Moloscom Contagiosum

Moloscum is a common misspelling of Molluscum Contagiosum, a highly infectious virus that affects human skin.

Moloscom is actually relatively harmless in the sense that it does not cause any complications or concomitant illnesses or conditions. However, moloscom is a very obnoxious condition to have and can stifle the self-confidence of the infected party.

How to people wind up getting Molluscum Contagiosum? Moloscom is easily transmitted through skin to skin contact or by sharing clothing, towels, bedding, etc.

The virus is particularly contagious on wet media such as wet skin or wet towels. It’s extremely infectious character is what gives it the appendage “contagiosum”, meaning contagious.

It is most common to see Molluscum Contagiosum in children but adults get it as well. Immunocompromised persons (i.e. people with lowered immune systems) are more likely to become infected with moloscom and tend to carry it around longer.

That is one major disadvantage of mollescum: it tends to stick around for up to a year in its host.

So what does Moloscom look like?

Generally, an infected individual will develop small, pimple-like lesions on their skin and may exhibit a small patch of them in a given area. The pimples look white and are both painless and do not itch.

Molluscum warts, as they are called, can also spread themselves to other parts of the body with healthy skin even with no help from you. This process is termed autoinnoculation and is a survival mechanism of the virus.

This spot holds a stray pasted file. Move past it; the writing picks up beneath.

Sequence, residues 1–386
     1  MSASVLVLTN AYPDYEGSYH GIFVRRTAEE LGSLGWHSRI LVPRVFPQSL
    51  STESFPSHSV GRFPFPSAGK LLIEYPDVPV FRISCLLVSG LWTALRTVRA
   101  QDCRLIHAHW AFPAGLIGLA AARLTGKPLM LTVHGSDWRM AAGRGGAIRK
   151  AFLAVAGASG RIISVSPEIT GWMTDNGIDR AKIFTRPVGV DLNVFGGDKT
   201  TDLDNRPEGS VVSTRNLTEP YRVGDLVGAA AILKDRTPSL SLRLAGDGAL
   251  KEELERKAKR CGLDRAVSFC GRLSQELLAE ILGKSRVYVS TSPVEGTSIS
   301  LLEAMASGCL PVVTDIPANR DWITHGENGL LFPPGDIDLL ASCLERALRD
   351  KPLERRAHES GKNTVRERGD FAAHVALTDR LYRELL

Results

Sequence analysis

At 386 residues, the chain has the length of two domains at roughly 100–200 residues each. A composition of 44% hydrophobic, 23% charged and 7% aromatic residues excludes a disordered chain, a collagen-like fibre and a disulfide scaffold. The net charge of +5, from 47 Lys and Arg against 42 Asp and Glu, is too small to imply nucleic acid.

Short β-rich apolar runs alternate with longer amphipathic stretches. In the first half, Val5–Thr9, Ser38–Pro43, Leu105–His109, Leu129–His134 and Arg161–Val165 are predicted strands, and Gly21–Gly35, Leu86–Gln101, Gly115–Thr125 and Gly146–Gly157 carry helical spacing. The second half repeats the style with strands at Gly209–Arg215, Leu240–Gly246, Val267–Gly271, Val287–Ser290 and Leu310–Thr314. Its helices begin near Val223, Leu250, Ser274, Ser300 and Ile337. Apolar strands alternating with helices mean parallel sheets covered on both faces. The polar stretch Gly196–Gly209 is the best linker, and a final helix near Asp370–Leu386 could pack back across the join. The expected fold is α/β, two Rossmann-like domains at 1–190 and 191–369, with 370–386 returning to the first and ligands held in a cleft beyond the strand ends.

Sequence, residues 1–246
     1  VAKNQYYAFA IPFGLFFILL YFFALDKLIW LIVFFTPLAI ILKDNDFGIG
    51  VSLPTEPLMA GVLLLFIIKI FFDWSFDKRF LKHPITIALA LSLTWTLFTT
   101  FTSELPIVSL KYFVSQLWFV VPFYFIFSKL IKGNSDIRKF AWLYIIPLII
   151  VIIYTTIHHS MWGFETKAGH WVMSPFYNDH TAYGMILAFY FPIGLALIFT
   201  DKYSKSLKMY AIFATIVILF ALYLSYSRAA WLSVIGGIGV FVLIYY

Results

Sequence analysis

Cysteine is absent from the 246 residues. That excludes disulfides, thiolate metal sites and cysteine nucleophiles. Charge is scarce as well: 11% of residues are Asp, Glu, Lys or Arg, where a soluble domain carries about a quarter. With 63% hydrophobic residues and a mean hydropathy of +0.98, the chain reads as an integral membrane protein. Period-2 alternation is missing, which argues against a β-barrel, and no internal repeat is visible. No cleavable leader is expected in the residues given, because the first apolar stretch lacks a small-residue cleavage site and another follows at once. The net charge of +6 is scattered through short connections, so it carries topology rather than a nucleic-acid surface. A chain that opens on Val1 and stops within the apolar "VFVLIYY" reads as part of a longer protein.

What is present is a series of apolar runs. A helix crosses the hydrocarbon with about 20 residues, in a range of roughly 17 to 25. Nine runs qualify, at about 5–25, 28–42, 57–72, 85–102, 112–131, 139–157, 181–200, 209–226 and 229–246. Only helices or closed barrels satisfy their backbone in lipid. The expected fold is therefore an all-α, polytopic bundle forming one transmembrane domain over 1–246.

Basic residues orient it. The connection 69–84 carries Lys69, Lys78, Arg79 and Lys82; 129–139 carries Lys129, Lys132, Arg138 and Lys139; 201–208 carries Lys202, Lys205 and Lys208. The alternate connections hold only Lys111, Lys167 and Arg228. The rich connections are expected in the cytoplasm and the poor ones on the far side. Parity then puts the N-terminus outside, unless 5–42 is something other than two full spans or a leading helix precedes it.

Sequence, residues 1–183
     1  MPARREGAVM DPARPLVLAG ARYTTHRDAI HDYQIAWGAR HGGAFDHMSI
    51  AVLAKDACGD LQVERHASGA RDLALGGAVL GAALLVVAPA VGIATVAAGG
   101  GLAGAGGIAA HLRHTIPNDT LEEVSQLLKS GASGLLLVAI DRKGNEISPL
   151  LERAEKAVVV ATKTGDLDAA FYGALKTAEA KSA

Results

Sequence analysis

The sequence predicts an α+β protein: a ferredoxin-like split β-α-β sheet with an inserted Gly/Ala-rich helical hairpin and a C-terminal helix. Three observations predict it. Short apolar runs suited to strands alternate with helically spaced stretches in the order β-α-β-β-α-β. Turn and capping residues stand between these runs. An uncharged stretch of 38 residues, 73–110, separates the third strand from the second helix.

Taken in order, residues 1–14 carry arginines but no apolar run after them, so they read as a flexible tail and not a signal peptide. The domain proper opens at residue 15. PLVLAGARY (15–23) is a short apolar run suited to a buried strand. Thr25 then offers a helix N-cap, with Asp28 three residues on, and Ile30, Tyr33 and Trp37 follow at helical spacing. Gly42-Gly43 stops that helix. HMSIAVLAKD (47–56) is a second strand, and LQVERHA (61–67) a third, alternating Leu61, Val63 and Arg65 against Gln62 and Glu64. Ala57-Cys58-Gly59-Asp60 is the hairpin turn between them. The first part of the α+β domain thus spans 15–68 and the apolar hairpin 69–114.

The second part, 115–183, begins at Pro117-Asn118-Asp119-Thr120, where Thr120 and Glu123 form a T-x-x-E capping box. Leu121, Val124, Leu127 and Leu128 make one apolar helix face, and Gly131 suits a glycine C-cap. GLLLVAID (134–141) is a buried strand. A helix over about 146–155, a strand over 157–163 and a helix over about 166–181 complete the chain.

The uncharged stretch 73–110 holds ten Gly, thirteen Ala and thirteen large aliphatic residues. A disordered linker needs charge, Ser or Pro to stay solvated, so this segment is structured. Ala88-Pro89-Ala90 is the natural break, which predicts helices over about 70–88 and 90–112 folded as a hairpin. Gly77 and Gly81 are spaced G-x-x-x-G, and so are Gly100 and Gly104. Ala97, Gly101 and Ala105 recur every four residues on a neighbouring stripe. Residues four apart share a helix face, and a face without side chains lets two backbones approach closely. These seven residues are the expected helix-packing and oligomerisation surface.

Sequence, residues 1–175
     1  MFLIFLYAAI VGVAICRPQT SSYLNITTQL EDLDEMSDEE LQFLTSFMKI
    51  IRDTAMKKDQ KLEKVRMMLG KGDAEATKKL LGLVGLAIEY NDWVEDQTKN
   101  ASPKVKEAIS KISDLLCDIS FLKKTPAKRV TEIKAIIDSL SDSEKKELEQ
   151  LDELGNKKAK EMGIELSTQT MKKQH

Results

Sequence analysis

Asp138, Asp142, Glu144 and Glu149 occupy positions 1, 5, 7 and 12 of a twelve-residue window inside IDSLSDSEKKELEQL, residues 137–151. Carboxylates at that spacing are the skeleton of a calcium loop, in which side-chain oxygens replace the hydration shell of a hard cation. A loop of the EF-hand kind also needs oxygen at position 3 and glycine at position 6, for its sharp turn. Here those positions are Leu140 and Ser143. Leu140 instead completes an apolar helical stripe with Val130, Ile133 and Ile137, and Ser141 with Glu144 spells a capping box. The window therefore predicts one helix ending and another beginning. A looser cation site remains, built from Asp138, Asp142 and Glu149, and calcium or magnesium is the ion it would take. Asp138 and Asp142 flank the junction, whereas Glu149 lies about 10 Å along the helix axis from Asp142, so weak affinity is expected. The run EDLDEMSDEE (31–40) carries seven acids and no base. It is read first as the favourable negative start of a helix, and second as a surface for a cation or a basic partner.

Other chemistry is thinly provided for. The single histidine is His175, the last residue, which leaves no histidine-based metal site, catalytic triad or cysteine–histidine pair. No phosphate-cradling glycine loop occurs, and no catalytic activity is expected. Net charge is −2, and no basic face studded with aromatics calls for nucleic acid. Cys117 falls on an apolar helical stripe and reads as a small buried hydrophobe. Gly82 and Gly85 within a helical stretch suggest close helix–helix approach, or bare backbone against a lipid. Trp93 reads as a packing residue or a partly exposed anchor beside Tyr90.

The virus is actually contained in a small, white, waxy ball inside the pimple, and removal of the pimples generally abates the moloscum virus. In fact, this is the most common and also most highly recommended treatment for molluscum contagiosum.

It’s technically called surgery but it is a very non-invasive procedure that involves using a very sharp tool called a currette to scoop out the pimple while preserving as much healthy skin as possible.

It is slightly painful but beats the alternative of carrying around moloscum for up to a year and potentially infecting others, all the while self-conscious about this skin condition.

There are several other treatments such as cryotherapy, which involves using liquid nitrogen or nitrogen oxide to freeze off the molluscum warts.

There are also a number of topical creams available which are more or less ineffective in the short term.

Since it takes the body considerable time to recognize the virus as a threat and mount a proper immune response, the best option is to have the virus removed mechanically.

Whether with a currette, laser (this is expensive), or cryotherapy, the mechanical removal of moloscom is very safe and rarely leaves scars.

There is no reason to carry around molluscum contagiosum when getting rid of moloscum is a doctor’s visit away!